Total farm sales decreased 3% in the state but increased 10% in the 3 Western counties (controlling for inflation)


Have you ever wondered how much it costs to run a farm business? Or wondered why locally grown berries cost more than those you can find in a plastic clamshell from halfway around the world? Well, Massachusetts farms simply cost more to run. Land and fuel are more expensive here, and when you’re buying berries from elsewhere the cost savings occur because farm workers got paid less and/or there are weaker environmental protections in that part of the world.


How can you help?

• When you look for the “Local Hero” sticker, when you choose food grown right here in western Massachusetts, you are giving local farmers the reason to keep going.

• Say hello to the farm crew staffing the CISA share room, slide money into an untended trust-based cash box for your farm-stand flowers, let your favorite restaurant know that you support them because they choose local— it all matters.

• Local farms rely on you to keep farming in the Valley, so get out there and grab the most delicious locally grown asparagus, tomatoes, or whatever it is that makes you smile.

• You trust CISA and that makes a difference too. You make it possible for them to be there when farmers call looking for help with everyday tasks that are essential to running a business
like financial planning and marketing.


Highland Foundation Free Fridays—August 2nd


Franklin Park Zoo—Boston
Boston Symphony Orchestra at Tanglewood—Lenox
Chatham Shark Center—Chatham
Children’s Museum at Holyoke
Concord Museum
International Volleyball Hall of Fame—Holyoke
Lynn Museum
Museum of Russian Icons—Clinton
Naumkeag, The Trustees—Stockbridge
Old State House—Boston


Go to for more information.


Recipe—Peach Cobbler

Peach season has begun. There is nothing as fabulous as a local peach. When my now 22-year-old grandson Evan was 5, I gave him a peach that I had purchased 2 days earlier from Outlook Farm. When I brought his brother Alex, then 8, to my house I offered him one. He didn’t want one. Evan said “Alex, you really should have one.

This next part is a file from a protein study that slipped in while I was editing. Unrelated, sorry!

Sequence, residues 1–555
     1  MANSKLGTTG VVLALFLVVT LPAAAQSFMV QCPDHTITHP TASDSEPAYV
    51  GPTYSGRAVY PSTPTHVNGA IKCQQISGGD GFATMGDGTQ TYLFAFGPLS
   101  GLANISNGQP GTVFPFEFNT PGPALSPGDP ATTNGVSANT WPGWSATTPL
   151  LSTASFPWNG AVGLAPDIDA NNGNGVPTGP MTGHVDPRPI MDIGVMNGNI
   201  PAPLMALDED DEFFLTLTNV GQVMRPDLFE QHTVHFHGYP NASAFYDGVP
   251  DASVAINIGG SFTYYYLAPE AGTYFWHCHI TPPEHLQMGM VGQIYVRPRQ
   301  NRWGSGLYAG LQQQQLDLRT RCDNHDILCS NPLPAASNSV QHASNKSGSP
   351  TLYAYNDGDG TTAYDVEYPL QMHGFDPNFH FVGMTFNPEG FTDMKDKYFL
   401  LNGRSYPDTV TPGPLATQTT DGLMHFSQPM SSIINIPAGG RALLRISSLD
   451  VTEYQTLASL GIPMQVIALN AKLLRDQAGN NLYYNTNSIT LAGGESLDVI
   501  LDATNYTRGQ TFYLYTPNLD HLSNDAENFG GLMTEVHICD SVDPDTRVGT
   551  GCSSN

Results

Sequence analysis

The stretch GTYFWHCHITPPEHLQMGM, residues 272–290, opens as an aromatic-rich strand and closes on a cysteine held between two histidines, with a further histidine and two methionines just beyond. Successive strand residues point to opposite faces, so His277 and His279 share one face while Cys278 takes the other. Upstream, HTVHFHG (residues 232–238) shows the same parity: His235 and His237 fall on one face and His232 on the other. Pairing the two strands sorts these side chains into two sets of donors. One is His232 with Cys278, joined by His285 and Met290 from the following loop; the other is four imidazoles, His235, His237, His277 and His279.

You can smell the inside from the outside.” That my friends is the essence of why you should purchase local peaches.




Quick Peach Cobbler

3 or 4 cups fresh peaches, sliced and sweetened to taste
1 T. lemon juice
1 C. sifted flour
1 beaten egg
1 cup sugar
½ tsp. salt
6 T. butter, melted


Place sweetened peaches in a deep baking dish. Sprinkle with lemon juice. Sift dry ingredients together, then add beaten egg. Mix with fork until crumbly. Sprinkle evenly
over peaches. Pour the melted butter over the crumb mixture. Bake until crusty and brown. Serve warm with whipped cream or ice cream. You can add some blueberries to this mixture also.


Blueberry-Sage Muffins

1 ¼ cups all-purpose flour
¾ cup yellow cornmeal
¼ cup plus 1 T sugar
2 tsps. baking powder
pinch of salt
1 cup milk
¼ cup vegetable oil
1 large egg
¼ cup chopped fresh sage leaves, or 2 T. dried
2 cups fresh blueberries

1. Preheat oven to 375. Grease or use muffin papers
2. Mix together the flour, cornmeal, sugar, baking powder and salt in a large bowl.
3. In another bowl, whisk together the milk, oil, egg and sage. Add to the dry ingredients and mix thoroughly without beating.
4. Fold in the berries.
5. Spoon the batter into the muffin tin and bake until the muffins spring back when pressed, and the tops are lightly golden, about 25 minutes.
Cool enough to handle, then remove from the tin and cool on a rack; serve warm.